Global Benchmarks: Comprehensive Measures of Development

By Ophelia M. Yeung; John A. Mathieson | Go to book overview

Chapter 1
A NEW FOCUS ON DEVELOPMENT

How does one measure development performance? As nations, their economies, and the lot of their people change over time, how can one gauge standards of living, whether according to an absolute standard or relative to other countries? Is development a level of affluence or a sustained rate of growth? Should one focus on per capita income or output? And what about purchasing-power parity (PPP)? Perhaps development performance should encompass direct measures of well-being, such as health and education. What about the importance of a clean environment or a participatory political system? How does one appraise successes, shortfalls, or needs in the realm of development?

These questions have vexed national leaders, international donor agencies, and development practitioners for decades. They aim at the core of the development process, for they seek to define its actual goal (or goals). One must be able to measure achievements in order to design and implement development strategies, policies, and programs effectively. But despite the critical importance of measuring performance, no definitive method has emerged. The issue has been subject to ongoing controversy and debate, both within the scholarly community and among practitioners "on the ground." In a sense, no generally accepted answer is possible, due to the philosophical dimensions of the problem. It is like asking how to measure fulfillment or happiness.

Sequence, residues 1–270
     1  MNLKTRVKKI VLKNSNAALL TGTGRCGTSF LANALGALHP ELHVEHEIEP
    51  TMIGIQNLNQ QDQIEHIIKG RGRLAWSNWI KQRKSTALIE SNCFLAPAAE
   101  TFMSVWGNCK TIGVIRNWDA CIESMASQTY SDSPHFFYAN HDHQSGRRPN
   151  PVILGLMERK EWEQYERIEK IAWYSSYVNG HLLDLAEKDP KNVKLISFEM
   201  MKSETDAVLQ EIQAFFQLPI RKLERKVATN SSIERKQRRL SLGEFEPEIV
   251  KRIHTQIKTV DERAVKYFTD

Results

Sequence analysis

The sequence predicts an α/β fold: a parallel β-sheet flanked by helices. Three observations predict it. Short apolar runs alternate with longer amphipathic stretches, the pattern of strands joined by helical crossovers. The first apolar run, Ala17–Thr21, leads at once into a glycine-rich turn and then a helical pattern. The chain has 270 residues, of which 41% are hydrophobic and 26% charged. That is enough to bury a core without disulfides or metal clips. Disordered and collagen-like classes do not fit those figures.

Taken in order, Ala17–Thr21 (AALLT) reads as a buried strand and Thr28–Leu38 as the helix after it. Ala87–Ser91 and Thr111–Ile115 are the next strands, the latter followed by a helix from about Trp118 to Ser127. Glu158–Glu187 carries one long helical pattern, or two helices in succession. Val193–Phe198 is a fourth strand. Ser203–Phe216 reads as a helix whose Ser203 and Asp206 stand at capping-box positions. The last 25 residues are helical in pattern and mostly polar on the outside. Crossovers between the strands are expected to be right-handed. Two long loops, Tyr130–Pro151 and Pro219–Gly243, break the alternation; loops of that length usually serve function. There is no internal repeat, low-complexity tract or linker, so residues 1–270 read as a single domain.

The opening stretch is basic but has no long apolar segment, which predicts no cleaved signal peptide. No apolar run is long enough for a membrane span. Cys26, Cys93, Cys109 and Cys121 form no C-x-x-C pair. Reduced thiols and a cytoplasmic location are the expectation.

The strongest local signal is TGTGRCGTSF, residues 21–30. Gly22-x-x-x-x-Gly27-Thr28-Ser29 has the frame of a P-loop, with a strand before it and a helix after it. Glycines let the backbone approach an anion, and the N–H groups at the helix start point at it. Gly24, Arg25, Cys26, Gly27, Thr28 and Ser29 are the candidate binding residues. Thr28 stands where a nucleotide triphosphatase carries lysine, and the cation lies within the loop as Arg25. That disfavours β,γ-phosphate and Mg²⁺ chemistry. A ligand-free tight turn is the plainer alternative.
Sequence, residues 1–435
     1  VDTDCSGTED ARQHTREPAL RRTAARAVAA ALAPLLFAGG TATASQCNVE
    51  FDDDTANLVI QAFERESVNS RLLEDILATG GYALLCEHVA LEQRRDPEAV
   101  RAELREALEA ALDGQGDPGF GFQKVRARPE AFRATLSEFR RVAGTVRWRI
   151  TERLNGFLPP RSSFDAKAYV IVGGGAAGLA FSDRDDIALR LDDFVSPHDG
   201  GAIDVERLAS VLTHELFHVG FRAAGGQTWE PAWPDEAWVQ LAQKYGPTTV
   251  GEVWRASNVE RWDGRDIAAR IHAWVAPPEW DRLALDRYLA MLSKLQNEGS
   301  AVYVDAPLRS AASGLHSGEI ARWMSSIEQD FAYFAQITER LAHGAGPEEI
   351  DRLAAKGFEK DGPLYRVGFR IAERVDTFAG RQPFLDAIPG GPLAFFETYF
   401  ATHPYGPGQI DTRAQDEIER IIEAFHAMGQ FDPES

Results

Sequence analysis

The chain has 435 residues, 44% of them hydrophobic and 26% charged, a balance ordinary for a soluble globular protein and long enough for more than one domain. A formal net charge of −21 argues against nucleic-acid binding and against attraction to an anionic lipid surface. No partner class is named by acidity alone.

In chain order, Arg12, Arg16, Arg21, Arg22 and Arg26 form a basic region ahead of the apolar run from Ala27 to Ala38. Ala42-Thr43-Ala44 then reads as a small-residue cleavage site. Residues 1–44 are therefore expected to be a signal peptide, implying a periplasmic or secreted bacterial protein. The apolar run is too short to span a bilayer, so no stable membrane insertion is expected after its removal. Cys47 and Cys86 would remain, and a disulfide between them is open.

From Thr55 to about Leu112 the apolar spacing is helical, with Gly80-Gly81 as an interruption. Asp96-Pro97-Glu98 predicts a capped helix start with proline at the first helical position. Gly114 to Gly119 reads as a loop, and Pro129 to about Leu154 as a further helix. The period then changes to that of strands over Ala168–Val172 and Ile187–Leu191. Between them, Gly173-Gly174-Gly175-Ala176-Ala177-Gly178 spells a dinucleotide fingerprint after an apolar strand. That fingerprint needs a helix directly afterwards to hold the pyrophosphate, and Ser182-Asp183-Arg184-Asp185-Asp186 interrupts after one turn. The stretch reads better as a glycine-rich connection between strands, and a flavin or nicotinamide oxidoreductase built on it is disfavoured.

The difficulty of explaining progress in development has not deterred efforts to do so. Most have defined development in economic terms. In fact, such efforts date back to the very origins of economic discourse. Adam Smith applied himself to explaining the "nature and causes of the wealth of nations." Joseph Schumpeter developed a "theory of economic development" in 1912. Colin Clark spoke of the "conditions of economic progress." In the early 1950s, these lines of thought culminated in development being interpreted at the national level as economic growth, or more specifically, increase in output--Voss national product (GNP) or gross domestic product (GDP). For those interested in the welfare of the population, the appropriate measure of progress was increase in output per capita, which encompasses the average amount of goods and services that are theoretically available for each person to consume.

The microcconomic principle of "optimization" implicitly accepts that increasing income can raise welfare, as the relaxation of the budget constraint allows the "utility curve" to expand. Nonetheless, in theory development economists do not assert that economic growth

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Global Benchmarks: Comprehensive Measures of Development
Table of contents

Table of contents

  • Title Page iii
  • Foreword v
  • Preface vii
  • Acknowledgments ix
  • Contents xi
  • Chapter 1 a New Focus on Development 1
  • Chapter 2 the Development Web 9
  • Chapter 3 Research Background for Model Development 13
  • Chapter 4 Methodology and Country Rating System 25
  • SUMMARY 39
  • Chapter 5 Summary Findings 41
  • Chapter 6 Country Webs 79
  • Appendix A - SUMMARY OF VECTOR SCORES 283
  • Appendix B - WEIGHTED VECTOR SCORES 291
  • Appendix C SCORING SYSTEM FOR VECTORS 333
  • Appendix D WEIGHTING SYSTEMS FOR VECTORS 341
  • References 345
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